Thu, Nov 28, 2019 - Page 14 News List

Movie review: Synapses

This family drama revolving around dementia and repression is suffocating and disconnected, reflecting the state of the characters but also making it hard on the audience

By Han Cheung  /  Staff reporter

Lu Hsueh-feng, left, and Zhang Xiao-xiong play a married couple in Synapses.

Photo courtesy of

It seems like director Chang Tso-chi (張作驥) has a lot he wants to say in Synapses (那個我最親愛的陌生人), which opened for this year’s Golden Horse Film Festival. A lot has happened to him in the past few years — he was convicted of sexual assault and sent to prison in 2015 while his feature Thanatos, Drunk (醉生夢死) won big at that year’s Taipei Film Awards; soon after his release in 2017 his mother developed acute dementia and he cared for her until her death.

Synapses, which earned Chang a nomination for Best Director at Saturday’s Golden Horse Awards, is dark and muddled, and although the underlying theme is clearly dementia and the loss of memories, the plot meanders rather aimlessly. It seems like a lot is going on, but none of it exactly fits together, and there’s not much of a driving narrative as it feels like the film could have ended any time in the second half.

Perhaps this incoherence reflects the existence of Chun-hsiung (Zhang Xiao-xiong, 張曉雄), an elderly veteran suffering from dementia, living with his family in a dilapidated old house in Keelung. He is the film’s weightiest presence, but he’s also not really there due to his deteriorating mind. There is no cure for his condition, and there’s no way to sugarcoat such a story, which adds to the hopelessness of the tone. But the resulting product is rather hard to watch, feeling much longer than its 116-minute running time.

The film is seen mostly through the eyes of Chun-hsiung’s 9-year-old grandson Chuan (Lee Ying-chuan, 李英銓), who tries to make sense of the events that unfold while trying to hatch a turkey egg for his school assignment. He plays the role of the observer that keeps a certain distance from the other characters, but he’s also just as involved because many of the conflicts arise because of him.

Film Notes:



Directed by: Chang Tso-chi (張作驥)

Starring: Zhang Xiao-xiong (張曉雄) as Chun-hsiung, Lu Hsueh-feng (呂雪鳳) as Feng, Li Meng (李夢) as Xiao Meng and Lee Ying-chuan (李英銓) as Chuan

Languages: Mandarin, Taiwanese and Cantonese with English and Chinese subtitles

Running time: 116 minutes

Taiwan release: In theaters

Most of the acting is superb, with a masterful performance by Lu Hsueh-feng (呂雪鳳), who plays Feng, Hsiung’s seemingly loving wife of 30 years who devotedly takes care of him. But when Chuan’s mother Xiao Meng (Li Meng, 李夢) comes home after spending six years in jail, things start to unravel and the secrets of this seemingly normal family are revealed.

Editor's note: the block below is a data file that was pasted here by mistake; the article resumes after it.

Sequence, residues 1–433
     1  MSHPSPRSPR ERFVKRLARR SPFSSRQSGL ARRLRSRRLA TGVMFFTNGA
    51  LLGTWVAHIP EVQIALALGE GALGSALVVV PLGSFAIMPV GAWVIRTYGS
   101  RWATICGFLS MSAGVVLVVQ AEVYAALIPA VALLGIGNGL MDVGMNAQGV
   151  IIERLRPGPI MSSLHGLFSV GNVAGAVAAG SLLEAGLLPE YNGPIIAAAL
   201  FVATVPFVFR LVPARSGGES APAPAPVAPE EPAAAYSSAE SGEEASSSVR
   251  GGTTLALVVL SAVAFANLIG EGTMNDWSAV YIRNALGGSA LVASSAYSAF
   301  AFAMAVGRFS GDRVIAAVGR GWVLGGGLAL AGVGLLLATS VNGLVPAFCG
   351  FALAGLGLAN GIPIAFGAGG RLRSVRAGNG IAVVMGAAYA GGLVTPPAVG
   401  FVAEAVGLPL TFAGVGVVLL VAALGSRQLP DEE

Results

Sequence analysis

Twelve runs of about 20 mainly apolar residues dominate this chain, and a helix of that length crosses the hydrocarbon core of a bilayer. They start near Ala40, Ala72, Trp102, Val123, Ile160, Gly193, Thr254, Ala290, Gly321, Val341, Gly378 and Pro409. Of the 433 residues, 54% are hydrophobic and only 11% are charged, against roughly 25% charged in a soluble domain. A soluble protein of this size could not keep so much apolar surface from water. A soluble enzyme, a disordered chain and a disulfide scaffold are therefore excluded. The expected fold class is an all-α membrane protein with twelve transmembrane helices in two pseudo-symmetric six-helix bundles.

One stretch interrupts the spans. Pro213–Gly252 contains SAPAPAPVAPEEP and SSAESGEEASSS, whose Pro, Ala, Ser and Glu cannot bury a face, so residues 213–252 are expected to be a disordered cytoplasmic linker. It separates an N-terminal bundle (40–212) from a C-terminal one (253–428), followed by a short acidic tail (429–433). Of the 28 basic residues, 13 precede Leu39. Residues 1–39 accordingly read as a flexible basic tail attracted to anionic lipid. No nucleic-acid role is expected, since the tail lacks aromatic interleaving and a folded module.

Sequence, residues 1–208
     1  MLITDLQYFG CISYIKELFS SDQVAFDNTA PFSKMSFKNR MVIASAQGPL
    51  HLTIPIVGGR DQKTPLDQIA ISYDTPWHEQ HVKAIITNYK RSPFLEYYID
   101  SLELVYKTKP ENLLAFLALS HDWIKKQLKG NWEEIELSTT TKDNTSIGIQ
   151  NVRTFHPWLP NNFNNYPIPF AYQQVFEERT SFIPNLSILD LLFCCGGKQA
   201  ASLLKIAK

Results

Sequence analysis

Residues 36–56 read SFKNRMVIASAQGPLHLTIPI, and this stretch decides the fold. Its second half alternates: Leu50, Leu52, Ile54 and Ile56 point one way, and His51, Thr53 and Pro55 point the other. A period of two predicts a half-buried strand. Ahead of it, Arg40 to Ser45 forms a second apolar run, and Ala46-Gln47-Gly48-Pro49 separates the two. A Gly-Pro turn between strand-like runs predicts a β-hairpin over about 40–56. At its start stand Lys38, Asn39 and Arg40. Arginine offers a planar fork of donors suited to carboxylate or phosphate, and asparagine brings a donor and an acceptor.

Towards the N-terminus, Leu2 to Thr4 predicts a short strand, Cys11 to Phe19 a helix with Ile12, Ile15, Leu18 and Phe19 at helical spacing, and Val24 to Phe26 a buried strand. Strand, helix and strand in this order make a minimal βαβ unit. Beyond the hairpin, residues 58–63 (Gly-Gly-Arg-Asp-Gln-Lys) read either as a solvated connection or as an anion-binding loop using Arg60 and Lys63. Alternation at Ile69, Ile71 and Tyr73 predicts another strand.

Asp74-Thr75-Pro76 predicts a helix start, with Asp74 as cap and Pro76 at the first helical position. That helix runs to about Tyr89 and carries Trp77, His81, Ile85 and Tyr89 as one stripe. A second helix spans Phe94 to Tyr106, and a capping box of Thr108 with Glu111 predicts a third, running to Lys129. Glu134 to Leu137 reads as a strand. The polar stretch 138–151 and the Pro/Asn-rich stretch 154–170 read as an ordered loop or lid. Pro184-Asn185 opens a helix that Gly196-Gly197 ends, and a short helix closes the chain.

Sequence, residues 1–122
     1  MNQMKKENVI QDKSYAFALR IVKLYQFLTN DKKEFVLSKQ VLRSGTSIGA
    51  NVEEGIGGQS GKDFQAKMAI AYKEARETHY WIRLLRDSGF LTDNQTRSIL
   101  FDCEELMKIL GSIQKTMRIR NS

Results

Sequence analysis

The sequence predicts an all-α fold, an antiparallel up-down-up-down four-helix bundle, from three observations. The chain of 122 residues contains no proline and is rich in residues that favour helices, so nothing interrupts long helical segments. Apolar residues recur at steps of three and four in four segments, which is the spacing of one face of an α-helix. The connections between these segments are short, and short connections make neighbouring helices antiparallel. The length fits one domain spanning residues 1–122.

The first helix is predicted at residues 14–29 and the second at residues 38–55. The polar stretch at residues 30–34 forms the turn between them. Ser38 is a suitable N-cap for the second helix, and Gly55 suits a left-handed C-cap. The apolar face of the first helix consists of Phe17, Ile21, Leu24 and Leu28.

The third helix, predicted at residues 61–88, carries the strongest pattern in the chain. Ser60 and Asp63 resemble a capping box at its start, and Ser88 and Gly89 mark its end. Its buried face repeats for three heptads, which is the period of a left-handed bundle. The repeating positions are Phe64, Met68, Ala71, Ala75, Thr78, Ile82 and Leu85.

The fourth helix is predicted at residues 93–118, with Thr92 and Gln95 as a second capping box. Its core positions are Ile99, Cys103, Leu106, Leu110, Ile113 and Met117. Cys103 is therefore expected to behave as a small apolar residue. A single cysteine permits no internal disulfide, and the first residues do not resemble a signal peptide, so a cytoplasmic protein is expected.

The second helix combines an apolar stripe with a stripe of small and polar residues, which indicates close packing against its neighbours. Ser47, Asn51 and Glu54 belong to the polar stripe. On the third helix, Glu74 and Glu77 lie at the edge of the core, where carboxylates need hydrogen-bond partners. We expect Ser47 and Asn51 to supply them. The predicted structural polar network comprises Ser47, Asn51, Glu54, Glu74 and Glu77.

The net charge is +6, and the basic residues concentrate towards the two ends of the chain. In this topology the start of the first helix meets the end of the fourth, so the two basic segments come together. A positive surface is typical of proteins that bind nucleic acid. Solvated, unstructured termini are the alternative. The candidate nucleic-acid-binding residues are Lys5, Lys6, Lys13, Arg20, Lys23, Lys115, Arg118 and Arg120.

There’s also Chuan’s good-for-nothing gangster father Wen (Su Chun-chung, 蘇俊忠), Chang’s former military comrade Cheng-en (Liu Cheng-en, 劉承恩) and Turkey Brother (李幼鸚鵡鵪鶉小白文鳥, Alphonse Perroquet/Parrot Caille/Quail Youth-Leigh), a strange homeless man that Chuan hangs out with. All these people’s lives are intertwined in some way and heavily weighed down by the past, but like Hsiung’s mind, they also appear disconnected to each other and to the audience as well. The editing style also reflects this, depicting the story in a patchwork of vignettes.

Adding to this disconnect is the use of languages in the film — Feng mostly speaks in Hoklo (also known as Taiwanese), while Hsiung speaks Cantonese and Mandarin and Meng talks in a Beijing accent. Chuan only speaks Mandarin even though Feng talks to him only in Hoklo. It’s mentioned in one scene that she spent time in Hong Kong, Canada and China, but it’s jarring how differently she speaks from the rest of her family. This device further highlights how fractured this family is, as if they were strangers thrown under one roof.

It’s hard not to compare Synapses to A Sun (陽光普照) by Chung Mong-hong (鍾孟宏), who was chosen for the Golden Horse’s best director over Chang. Both films explore complicated and turbulent family relations, and both plots involve a member who returns home from prison. Dysfunction and despair permeate both films, but by comparison A Sun is much more coherent and focused with a clear message. It was easy to sit through A Sun, but Synapses takes the suffocating tension way further, to the point where the audience needs to frequently break their focus and gasp for air.

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